This pattern followed with Bird from LA to New York, where he played in a band comprising Miles Davis (tp), Duke Jordan (p), Tommy Potter (b) and Max Roach (d). His ideas are more developed and urgent. The music is hotter, razor-sharp and possess a propulsive feel that is almost palpable. Benedetti has recorded—sometimes---whole songs that are full of surprises and melodic and harmonic invention. Miles recalling the atmosphere much later suggesting the scene was electrifying, with Bird seemingly like a switch turned on delivering a current that powered the whole music scene; like a thousand lights turned on. The New York Repertoire shares the same eight titles with the L.A. repertoire, but the music is more slanted, much more defined in the rhythm of bebop. Bird had composed much more of his own music and this is represented here, too. Of the 33 entries in the Benedetti Holdings, 18 are original pieces, featuring their own melody and harmony; 15 use the 'borrowed chord' technique with a new melody worked over the original and in the second half of the Holdings 4 pieces are based on the blues pattern; 3 use "I Got Rhythm"; one uses a combination of "I Got Rhythm" and "Honeysuckle Rose" and seven use a mix of other chord schematics.

"You've got to learn your instrument. Then, you practice, practice, practice. And then, when you finally get up there on the bandstand, forget all that and just wail."

By the time Bird got to New York in 1947-48, he had reached new heights. He was truly, as many now called him, 'The Great Charlie Parker.' He was on top of his game, brilliant, full control and so supremely in control of his music and its environment that it seemed that he could do no wrong (although there are several occasions when he sounds repetitive and trite... almost a caricature of himself... probably just plain tired!) BUT he challenges his cohorts to reach further into themselves to come up with fresh ideas—a he did and at the speed of light! This is the Bird that continues to haunt the music with his presence, prompting the legend, 'Bird Lives' to pop up not just as graffiti on city streets, but also in the head when music bursts out of a cafe or any other venue where jazz is played, or off the radio or home stereo—no matter what whether it is contemporary, that is written and played decades after his death. Such was the giant shadow of the musician, who was Bird. And Benedetti (ably assisted by Jimmy Knepper) were responsible in no small measure for bringing this to a brighter light.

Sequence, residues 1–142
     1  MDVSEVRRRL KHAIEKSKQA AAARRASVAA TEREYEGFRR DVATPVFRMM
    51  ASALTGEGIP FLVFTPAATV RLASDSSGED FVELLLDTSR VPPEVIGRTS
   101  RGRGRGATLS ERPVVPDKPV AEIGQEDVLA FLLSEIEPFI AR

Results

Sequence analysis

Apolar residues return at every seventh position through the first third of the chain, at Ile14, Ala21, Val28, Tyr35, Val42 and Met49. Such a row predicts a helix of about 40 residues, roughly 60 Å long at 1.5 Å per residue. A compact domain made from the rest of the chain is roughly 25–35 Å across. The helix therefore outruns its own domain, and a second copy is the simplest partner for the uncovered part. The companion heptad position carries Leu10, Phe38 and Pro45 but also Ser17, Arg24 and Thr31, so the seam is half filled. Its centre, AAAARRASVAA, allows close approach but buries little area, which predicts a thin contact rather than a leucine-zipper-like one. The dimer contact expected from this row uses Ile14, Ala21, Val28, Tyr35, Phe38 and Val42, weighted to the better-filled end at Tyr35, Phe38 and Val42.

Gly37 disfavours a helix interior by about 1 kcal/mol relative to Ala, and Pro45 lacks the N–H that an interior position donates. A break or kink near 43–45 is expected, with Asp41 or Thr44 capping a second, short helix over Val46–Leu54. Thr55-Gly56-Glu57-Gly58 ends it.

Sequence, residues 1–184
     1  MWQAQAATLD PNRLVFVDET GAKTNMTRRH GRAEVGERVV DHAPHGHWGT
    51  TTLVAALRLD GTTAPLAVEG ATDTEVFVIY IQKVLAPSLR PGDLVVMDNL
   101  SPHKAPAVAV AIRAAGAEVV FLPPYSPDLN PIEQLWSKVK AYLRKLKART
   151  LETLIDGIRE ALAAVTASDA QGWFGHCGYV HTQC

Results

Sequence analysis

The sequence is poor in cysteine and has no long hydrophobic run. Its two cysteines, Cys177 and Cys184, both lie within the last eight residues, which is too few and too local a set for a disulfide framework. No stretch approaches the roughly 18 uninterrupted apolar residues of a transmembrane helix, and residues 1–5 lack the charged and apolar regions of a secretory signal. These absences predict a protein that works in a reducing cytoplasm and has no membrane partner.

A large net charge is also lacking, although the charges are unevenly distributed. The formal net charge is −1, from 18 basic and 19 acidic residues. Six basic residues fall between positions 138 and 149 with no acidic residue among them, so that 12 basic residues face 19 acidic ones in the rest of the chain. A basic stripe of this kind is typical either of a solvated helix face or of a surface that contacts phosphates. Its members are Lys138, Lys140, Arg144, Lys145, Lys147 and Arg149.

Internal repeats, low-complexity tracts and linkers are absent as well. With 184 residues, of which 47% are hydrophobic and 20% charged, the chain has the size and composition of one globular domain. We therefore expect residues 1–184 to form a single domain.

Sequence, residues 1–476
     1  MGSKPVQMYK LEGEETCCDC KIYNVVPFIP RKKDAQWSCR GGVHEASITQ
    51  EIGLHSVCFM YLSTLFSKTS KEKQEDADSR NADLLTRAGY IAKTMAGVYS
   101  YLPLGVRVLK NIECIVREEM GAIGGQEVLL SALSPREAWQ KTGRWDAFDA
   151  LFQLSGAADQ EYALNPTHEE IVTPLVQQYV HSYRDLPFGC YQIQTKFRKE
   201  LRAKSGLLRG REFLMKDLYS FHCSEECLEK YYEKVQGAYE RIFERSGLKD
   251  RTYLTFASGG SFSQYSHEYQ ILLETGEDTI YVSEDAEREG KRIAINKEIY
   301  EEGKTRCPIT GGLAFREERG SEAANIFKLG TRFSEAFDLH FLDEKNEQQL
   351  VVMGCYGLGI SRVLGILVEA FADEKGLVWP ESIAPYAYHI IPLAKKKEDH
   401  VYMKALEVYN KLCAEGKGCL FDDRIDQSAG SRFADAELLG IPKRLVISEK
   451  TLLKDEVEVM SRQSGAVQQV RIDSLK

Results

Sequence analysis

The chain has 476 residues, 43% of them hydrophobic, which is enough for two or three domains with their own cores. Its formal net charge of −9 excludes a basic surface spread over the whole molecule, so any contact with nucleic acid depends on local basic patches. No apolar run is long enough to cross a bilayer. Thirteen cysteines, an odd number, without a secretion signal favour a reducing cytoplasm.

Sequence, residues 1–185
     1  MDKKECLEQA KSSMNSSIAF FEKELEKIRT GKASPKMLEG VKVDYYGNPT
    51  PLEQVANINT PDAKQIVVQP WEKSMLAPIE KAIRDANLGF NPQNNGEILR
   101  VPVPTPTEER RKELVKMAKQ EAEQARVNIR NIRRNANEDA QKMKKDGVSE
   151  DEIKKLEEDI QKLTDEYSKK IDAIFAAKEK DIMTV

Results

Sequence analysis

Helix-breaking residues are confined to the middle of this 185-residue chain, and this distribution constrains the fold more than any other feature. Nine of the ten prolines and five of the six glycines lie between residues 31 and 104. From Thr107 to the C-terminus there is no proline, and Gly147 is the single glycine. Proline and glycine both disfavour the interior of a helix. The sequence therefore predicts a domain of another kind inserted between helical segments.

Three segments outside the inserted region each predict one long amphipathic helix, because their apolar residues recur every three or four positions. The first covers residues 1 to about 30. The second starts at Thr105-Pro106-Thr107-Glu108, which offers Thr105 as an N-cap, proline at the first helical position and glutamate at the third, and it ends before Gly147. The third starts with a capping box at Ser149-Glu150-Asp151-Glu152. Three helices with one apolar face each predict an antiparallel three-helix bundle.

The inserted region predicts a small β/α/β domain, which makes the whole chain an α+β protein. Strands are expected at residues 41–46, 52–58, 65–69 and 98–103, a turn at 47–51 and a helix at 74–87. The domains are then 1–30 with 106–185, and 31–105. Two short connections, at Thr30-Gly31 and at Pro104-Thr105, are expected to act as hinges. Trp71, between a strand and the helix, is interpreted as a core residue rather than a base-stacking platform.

Need one ask, now, what the significance of The Complete Dean Benedetti Recordings of Charlie Parker is, or why I am so excited to return to my Charlie 'Bird' Parker collection? I think not! The Dean Benedetti... is an essential part of Bird discography. It puts a spotlight on an essential period when Bird was shaping his sound, prior to flying high as an innovator and as a composer. It sits in any Bird collection with pride of place among the Stash, Dial, Savoy and Royal Roost recordings. It is as priceless as that rarest of rare Mingus recording at Massey Hall. But it is more... Because of the sheer volume and consistent quality of playing this is The Holy Grail of music on record—certainly in the idiom of jazz. It will take a set of Buddy Bolden recordings to reduce the significance of this presentation from Mosaic!

Photo Credit

William P. Gottlieb (Featured Story)